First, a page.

Review: Gangs of Wasseypur
Director: Anurag Kashyap, Writers: Akhilesh Jaiswal, Anurag Kashyap, Sachin K. Ladia, Syed Zeeshan Qadri, Actors: Manoj Bajpai, Jaideep Ahlawat, Tigmanshu Dhulia, Richa Chadda, Reema Sen
Anurag Kashyap’s Gangs of Wasseypur is a magnificent saga and a visual delight! For a revenge-drama spanning decades and chronicling generations, it does extremely well and engages the audience. The hero (here antihero) of the first part of the film is Sardar Khan (Manoj Bajpai) whose mission in life is to seek revenge from Ramadhir Singh (Tigmanshu Dhulia) who had killed his father. In that sense, it is a typical revenge story but the sheer magnitude of the tale and the settings make it appear grand. After a lengthy introduction of his ancestors through voiceovers and archival videos, the film settles down to tell the story of Sardar Khan and his revenge.
The film is full of gut-wrenching violence, bloodbath and expletives. Despite that, it hardly evokes a tear of pity for the victims or anger for the perpetrators. That is how Gangs of Wasseypur falls short of being a masterpiece, it fails to connect emotionally all the while retaining its visual grandeur and colossal scope. There is constant bombarding of new characters and rivalries while the old ones don’t get enough time to sink in and grow on one. The feeling of watching Gangs of Wasseypur is like listening to an epic where one is supposed to remember the countless characters and incidents while not having the time and luxury to dwell on them leisurely.
The dry wit, mindless violence and Sneha Khanwalkar’s music give a surreal feel to the film. Songs like “O Womaniya” and “Jiya ho Bihar ke Lala” and their timings are nothing short of a distinct style statement that makes the gangster film stand out. The film, though lacking in emotional appeal, is raw and bizarre in Anurag Kashyap’s signature style. Sharp and gritty dialogue is easily one of the strong points of the film, making it memorable for some time to come.
The humor sprinkled in this concoction is as raw and appealing: Sardar Khan who kills mercilessly is seemingly devastated when a bullet hits his elder son who is healthy enough to walk on his own two feet after the accident. When he is about to lie down in the doctor’s clinic, Sardar Khan asks his sidekicks to lift him up and make him lie down. He thinks his son will die if he lies down on his own despite the serious injury (Or so he has seen in Bollywood movies which wield much influence on Wasseypur folks). In another incident, Sardar’s pregnant wife Nagma who is not in a position to satiate his desires feeds him with home cooked meal for strength so that he doesn’t go out and give an embarrassing ‘performance’.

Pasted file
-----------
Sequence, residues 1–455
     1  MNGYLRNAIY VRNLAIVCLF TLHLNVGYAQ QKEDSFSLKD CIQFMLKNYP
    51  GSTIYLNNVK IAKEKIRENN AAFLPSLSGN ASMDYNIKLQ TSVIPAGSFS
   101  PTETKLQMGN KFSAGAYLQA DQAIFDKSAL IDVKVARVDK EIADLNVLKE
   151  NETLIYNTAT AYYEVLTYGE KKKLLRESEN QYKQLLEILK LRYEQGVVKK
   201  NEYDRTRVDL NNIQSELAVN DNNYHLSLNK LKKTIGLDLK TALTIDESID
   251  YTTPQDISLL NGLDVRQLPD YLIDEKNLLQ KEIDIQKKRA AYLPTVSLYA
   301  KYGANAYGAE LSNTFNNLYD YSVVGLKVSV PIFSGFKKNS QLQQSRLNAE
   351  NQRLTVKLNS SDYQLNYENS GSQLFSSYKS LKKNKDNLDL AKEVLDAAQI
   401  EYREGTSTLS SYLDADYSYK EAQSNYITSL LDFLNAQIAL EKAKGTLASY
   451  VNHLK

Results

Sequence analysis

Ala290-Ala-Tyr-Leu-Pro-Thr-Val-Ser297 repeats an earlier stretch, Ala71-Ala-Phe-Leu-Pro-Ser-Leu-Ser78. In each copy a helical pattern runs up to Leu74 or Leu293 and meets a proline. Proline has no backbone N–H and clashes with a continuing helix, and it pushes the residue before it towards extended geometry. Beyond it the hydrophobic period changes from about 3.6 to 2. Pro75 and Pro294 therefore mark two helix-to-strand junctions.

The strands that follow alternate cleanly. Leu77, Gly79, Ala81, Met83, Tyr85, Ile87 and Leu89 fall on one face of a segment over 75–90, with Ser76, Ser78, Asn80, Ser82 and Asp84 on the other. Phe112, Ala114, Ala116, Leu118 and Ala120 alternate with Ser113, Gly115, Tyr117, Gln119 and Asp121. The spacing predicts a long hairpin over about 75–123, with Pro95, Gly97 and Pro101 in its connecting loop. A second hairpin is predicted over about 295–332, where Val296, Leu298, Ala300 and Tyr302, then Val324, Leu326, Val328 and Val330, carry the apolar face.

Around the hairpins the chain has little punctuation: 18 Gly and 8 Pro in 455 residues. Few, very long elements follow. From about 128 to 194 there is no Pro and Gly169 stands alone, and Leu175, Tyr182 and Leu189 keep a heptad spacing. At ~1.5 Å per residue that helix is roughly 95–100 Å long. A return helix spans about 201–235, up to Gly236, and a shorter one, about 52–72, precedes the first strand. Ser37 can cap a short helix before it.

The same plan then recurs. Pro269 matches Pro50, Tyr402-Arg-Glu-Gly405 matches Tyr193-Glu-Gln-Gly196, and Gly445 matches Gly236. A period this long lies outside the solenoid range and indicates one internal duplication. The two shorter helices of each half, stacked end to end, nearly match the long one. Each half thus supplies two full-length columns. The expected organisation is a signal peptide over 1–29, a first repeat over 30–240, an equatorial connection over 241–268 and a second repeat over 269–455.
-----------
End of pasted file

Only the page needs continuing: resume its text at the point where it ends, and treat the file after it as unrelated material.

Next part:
A gangster film is traditionally men’s prerogative in which women rarely have much role to play than the stoic wife and mother who has been destined to support her husband, or the seductive mistress. In Gangs of Wasseypur too, there is no scope for the women to surpass these boundaries, but their characters and performances sport a killer attitude. Richa Chadda as Sardar Khan’s first wife Nagma is a typical child bearing machine but chases her husband out of a whorehouse and hurls things at him in anger during her labour pain when he returns home. On the other hand, Reema Sen as Sardar’s second wife Durga is a mysterious and luscious beauty who ogles him when he is taking bath and refuses to be treated secondary to any woman in his life. While Sardar Khan seems to have conquered the whole of Wasseypur, the wrath of these two women makes him crawl. He is dependent on them to satiate his massive libido which in a way causes his doom.
Not just the leading ladies, but all the actors in Gangs of Wasseypur deliver impressive performances: right from Manoj Bajpai as Sardar Khan to Jaideep Ahlawat as his father Shahid Khan, Tigmanshu Dhulia as Ramadhir Singh, Pankaj Tripathi as Sultan and Piyush Mishra who is the narrator of the film.
Gangs of Wasseypur is replete with a powerful and picturesque narrative and fine performances. But there is a sense of something missing: there is no revelation, no suspense, no emotion. It’s a revenge drama that can consume generation after generation and yet not reach a conclusion as one continues to watch it with detachment.